Regarding cracking, I suspect that larger WFOs might be more successfully constructed using cast sections rather than as a single piece. I think that perhaps the biggest concern with a single piece oven is how to accommodate the stresses created by uneven heating. Multiple sections would allow differential expansion due to uneven heat and thus not be as susceptible to cracking. Dmun's geodesic dome might be a good place to start if one was thinking along the lines of casting larger pieces that would fit together in a repeatable pattern thus minimizing the number of sectional molds

    I'm not familiar with the "large fiberglass sand filter body" which you are suggesting to use for a plug mold. Do you have a link?

    Sorry I couldn't be of more help. There are several people who have built cast ovens on the Forum who are far more qualified to address your questions than I am.

    Bests,
    Wiley

    Leave a comment:


  • ClintonJ
    replied
    Re: Steel Dome Oven

    Hello Wiley- I'm new to the forum, but have been reading your thread and referring back to it often as I plan on building my own oven. I've been back and forth deciding on exactly how to build it. My first idea was just to build it exactly like the pompeii plans, but then I started reading about your project and was very impressed with the outcome. You seem to really know your stuff when it comes to insulation, refractory material, etc... My latest idea is to use a large fiberglass sand filter body (40") as a mold for cement refractory material. Basically cover the cut fiberglass dome with aluminum foil and pack the cement around it to a depth of 4", possibly including some wire mesh inside the cement for strength, allow the cement to cure and (with lots of help) remove the mold and set the cement dome in place. I would appreciate your opinion on this idea. My worries/questions are:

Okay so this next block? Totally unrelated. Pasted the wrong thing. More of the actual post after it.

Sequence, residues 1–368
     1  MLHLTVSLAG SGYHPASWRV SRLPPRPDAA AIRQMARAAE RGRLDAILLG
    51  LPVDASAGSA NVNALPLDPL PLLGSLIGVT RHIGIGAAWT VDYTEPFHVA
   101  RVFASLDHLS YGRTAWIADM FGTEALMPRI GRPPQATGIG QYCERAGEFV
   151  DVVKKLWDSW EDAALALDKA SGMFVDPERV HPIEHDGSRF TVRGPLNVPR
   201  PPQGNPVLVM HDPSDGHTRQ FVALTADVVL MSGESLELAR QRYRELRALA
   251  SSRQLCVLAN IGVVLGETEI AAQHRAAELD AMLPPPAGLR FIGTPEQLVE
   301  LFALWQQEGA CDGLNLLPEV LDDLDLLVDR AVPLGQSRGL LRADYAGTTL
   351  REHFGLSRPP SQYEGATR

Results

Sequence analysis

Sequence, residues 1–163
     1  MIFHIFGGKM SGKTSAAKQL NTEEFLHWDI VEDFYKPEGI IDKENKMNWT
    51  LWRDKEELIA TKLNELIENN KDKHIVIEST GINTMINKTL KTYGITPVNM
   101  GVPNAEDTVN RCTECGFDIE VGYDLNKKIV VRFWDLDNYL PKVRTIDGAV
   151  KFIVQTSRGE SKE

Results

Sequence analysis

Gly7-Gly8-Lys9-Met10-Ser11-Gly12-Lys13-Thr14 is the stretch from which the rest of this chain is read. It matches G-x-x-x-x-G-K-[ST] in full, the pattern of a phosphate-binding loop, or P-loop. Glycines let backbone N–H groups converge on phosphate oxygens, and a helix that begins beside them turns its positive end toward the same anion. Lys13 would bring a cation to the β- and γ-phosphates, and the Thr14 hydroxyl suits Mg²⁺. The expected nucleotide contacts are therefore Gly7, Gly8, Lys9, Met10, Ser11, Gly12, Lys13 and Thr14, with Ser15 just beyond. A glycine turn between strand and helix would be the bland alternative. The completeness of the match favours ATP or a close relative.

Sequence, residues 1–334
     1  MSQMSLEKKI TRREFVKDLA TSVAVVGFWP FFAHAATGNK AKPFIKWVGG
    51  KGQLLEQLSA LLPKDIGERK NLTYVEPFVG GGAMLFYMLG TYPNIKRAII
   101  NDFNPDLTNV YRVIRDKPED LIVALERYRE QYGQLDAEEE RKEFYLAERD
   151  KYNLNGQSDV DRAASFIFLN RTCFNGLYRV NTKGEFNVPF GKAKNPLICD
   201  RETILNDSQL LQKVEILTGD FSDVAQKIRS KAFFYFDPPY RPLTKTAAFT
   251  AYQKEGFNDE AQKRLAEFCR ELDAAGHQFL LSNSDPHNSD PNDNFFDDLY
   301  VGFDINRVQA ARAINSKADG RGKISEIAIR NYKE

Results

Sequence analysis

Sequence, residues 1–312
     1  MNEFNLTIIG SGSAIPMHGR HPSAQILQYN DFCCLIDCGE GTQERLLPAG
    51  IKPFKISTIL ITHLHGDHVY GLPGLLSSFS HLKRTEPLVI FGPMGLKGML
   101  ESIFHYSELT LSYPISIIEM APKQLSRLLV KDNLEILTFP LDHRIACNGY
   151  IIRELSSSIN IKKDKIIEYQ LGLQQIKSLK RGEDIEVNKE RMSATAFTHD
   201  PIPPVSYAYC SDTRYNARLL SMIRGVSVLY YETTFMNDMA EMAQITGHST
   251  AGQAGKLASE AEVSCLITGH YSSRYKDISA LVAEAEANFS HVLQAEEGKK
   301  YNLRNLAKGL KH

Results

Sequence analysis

#1 - What type of cement/aggregate to use?
    #2 - Should I use some type of wire mesh to strengthen the dome?
    #3 - Will whichever type of cement I use eventually break or crack?

    The rest of my plans are pretty basic. I'll Cover the dome with ceramic blanket and perlite or vermiculite, add a vent and hearth, all of this on a insulated base topped with firebrick (per pompeii plans). I've searched the forum and googled "castable pizza oven" and haven't gotten any reliable results. Any input would be greatly appreciated.

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  • Wiley
    replied
    Re: Steel Dome Oven

    Randall,
    I think the thickness I would choose would in part depend upon how good the join is between the mating pieces. I'm guessing you are speaking here of the piece I used between the dome assembly and the outer entrance ring. If it is a close fit the thicker stuff may not fit, if loose then the thicker would fill the extra space (sort of have to look and make your best guess). I don't think there is a magic number with this. The major idea is to stop the expansion and contraction of the inner dome from causing problems with the outer shell/exterior of the WFO thru the slip surface. The retardation of heat transfer from dome to rim is less controllable as the space for such insulation is small.

    As for thermometers I have been using a Harbor Freight infrared thermometer, a cheapie (when on sale $29.00) and so far have been pleased. I did not opt for thermocouples in the floor or dome. In fact we are planning a trip to Italy this fall and I bought a second HF infrared thermometer to take along. Figuring there was a possibility of it being confiscated by our well meaning (but basically idiotic) homeland security people either exiting or entering our country. And if not then perhaps I can give it as a gift in Italy to a helpful pizzaiolo. The units work well enough and are cheap enough to be considered expendable. I'm most curious to get some real time data on temps in their ovens.

    Hope this is helpful,
    Wiley

    Leave a comment: